Reverse Brain Drain…

Reverse Brain Drain…

Recently,there was an interesting news item in Financial Express (FE) of  27th June 2011.It was titled :”NRIs head home, MNCs spoilt for choice.”

To read the piece directly on website of FE,please go to the following link:

http://www.financialexpress.com/news/nris-head-home-mncs-spoilt-for-choice/809257/0

On reading the article,I had sent my views on the subject matter to the Editor of FE,by way of a letter.

 This is what I had written to the Editor :


Dear Sir,

 

This refers to your article titled : “NRIs head home…” (FE 27th June 2011).

 

It appears that a fresh wave of Reverse Brain Drain has started.The reasons are attributed to :a) recent economic growth in India and b) many good opportunities opening up in various sectors.Also,many US MNCs have opened their offices here in India and so have started hiring more NRIs to target the growing markets. 

  

Reverse Brain Drain is commonly believed to be because of a logical outcome of a calculated strategy, where NRIs accumulate savings  and develop skills overseas that can be finally used in their home country.

 

It also occurs when scientists/engineers/other intellectuals migrate to a lesser developed country to study in its elite universities,do research and gain practical experience in areas where education and employment opportunities are limited in their own home countries.These professionals finally flock back to their home country after years of experience and either start as entrepreneurs,work as faculties in a university, or work for MNCs in their home country.

 

In addition to above,some other reasons for the migration of Indian highly skilled work force is due to their desire to return to their roots,enjoy a more family-oriented lifestyle, and to some extent, for security concerns in the post 9/11 period where many Asian Indians have been discriminated against because they are often mistaken for Arabs.
 
Recently,there has also been a different type of reverse brain drain as well.M
any second-generation Indians are now coming back to the country.So, reverse brain drain is no longer limited to the commonly perceived migration from a developed to a developing country by a first generation Indian. Many of the world’s top multinational companies are beginning to send their top Indian minds to head their companies in India.As a result,when we lose some,we win many back as well.This augurs well for the brains as well as for the countries.How long this wave will last is anybody’s guess. Let both parties enjoy the fruits of this change,meanwhile.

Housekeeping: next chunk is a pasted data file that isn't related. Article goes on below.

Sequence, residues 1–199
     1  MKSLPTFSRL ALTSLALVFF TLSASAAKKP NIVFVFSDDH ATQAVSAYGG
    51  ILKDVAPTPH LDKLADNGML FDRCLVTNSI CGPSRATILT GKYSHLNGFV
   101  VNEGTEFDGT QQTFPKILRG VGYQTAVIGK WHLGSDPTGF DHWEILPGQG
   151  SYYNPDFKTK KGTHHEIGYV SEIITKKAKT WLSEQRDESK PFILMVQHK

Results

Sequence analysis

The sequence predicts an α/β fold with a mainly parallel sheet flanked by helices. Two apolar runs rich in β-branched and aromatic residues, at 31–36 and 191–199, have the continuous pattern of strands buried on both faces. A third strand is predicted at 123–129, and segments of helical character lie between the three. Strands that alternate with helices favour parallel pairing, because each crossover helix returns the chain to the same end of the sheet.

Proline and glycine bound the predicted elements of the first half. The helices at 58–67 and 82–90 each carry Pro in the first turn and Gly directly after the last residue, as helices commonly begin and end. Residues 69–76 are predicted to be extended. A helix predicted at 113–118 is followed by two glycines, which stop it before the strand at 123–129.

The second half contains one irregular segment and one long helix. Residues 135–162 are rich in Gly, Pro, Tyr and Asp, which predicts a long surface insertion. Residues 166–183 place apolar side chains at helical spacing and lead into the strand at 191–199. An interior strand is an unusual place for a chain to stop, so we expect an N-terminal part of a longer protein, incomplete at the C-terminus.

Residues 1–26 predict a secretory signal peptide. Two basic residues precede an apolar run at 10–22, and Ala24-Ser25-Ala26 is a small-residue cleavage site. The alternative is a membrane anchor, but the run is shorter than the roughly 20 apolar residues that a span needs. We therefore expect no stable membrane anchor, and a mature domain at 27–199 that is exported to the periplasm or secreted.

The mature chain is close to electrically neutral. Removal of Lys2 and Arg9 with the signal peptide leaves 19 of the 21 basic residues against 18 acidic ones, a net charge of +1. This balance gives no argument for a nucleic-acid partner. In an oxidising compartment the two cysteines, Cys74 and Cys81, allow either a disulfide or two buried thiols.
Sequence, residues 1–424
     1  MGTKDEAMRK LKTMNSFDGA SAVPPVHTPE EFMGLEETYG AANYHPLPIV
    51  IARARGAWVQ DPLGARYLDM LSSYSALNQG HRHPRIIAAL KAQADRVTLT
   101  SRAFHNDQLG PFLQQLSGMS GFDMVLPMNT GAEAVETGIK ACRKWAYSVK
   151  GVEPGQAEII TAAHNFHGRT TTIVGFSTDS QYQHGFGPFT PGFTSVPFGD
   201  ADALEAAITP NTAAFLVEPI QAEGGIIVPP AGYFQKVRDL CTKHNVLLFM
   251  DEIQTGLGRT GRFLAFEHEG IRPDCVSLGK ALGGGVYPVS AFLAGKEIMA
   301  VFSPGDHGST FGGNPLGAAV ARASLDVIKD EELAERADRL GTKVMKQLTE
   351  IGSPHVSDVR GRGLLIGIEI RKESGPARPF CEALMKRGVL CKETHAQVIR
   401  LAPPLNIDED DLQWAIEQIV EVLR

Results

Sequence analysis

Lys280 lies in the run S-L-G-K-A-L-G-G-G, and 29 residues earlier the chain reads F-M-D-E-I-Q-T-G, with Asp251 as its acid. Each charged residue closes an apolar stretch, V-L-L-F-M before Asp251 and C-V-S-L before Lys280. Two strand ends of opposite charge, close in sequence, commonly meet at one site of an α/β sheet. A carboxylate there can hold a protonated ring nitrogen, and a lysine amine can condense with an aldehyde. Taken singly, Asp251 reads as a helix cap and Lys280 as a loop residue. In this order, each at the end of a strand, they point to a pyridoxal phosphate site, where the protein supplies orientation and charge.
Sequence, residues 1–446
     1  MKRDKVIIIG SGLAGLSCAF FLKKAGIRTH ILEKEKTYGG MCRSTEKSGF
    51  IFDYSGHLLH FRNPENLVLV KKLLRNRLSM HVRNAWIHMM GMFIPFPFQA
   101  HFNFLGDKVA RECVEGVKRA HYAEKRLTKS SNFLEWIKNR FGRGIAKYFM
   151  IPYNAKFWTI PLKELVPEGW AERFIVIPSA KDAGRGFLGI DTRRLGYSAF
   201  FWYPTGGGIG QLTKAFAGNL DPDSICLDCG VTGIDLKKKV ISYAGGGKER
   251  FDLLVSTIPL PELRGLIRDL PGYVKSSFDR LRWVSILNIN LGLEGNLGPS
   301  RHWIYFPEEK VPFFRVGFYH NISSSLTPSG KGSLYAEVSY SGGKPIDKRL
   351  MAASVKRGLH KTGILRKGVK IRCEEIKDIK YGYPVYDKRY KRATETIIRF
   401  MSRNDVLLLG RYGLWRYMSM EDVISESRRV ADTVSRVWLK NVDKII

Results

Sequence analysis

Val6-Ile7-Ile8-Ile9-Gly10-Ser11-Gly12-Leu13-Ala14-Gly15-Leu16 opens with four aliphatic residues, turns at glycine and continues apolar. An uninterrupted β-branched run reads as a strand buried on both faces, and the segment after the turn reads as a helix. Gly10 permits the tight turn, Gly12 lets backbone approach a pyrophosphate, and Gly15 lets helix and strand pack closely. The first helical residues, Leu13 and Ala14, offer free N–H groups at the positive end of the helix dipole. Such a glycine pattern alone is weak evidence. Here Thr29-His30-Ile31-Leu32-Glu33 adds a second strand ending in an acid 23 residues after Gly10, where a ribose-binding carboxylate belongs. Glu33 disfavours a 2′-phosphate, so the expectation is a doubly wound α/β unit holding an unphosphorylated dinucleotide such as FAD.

J S BROCA

New Delhi. 

Well,today’s issue of FE has published an abridged version of my letter reading as under :



Letters to the editor


The Financial Express

Saturday, Jul 02, 2011 





: Reverse brain drainApropos of the news item “NRIs head home, MNCs spoilt for choice” (FE, June 27), a fresh wave of reverse brain drain has started. The reasons are attributed to economic growth in India and good opportunities opening up in various sectors. Also, many US MNCs have opened their offices in India and so have started hiring more NRIs to target the growing markets. Reverse brain drain is commonly believed to occur because of the logical outcome of a calculated strategy, where NRIs accumulate savings and develop skills overseas that can be finally used in their home country.

It also occurs when scientists/engineers/other intellectuals migrate to developed countries to study in elite universities, do research and gain practical experience in areas where education and employment opportunities are limited in their home countries. These professionals finally flock back to their home country after years of experience and contribute to its growth. Recently, there has been a different type of reverse brain drain. Many second-generation Indians are coming back to the country. So, reverse brain drain is no longer limited to the commonly perceived migration from a developed to a developing country by a first generation Indian.

JS Broca, New Delhi

Your views/responses will be appreciated.

  



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3 Responses
  1. J S Broca says:

    Dear Readers,
    Please go to the following link to read my letter on website of FE :

    http://www.financialexpress.com/news/letters-to-the-editor/811560/0

    J S Broca
    New Delhi
    2nd July 2011

  2. U Atreya Sarma says:

    In the present milieu of globalisation, any talk of “brain drain” whether onward or reverse would be superfluous, I suppose. In fact, the expression “drain” is a misnomer, for what’s involved is only optimisation of the resources of brain. An aspiring person likes to have his intelligence, knowledge, wisdom, and creativity to be put to good use – and such people are naturally attracted to facilities or places or countries that have the propitious environment for their abilities and talents to bloom. Our country, instead of bemoaning the loss of migration of talent, should create conditions here for the retention of the talent, not its stunting or imprisonment. Unfortunately, our country is steeped in all-pervasive corruption, sluggish bureaucracy, and sectarian/divisive dispensation.

  3. Hana Iese says:

    Hello.This article was really fascinating, particularly since I was browsing for thoughts on this issue last Wednesday.

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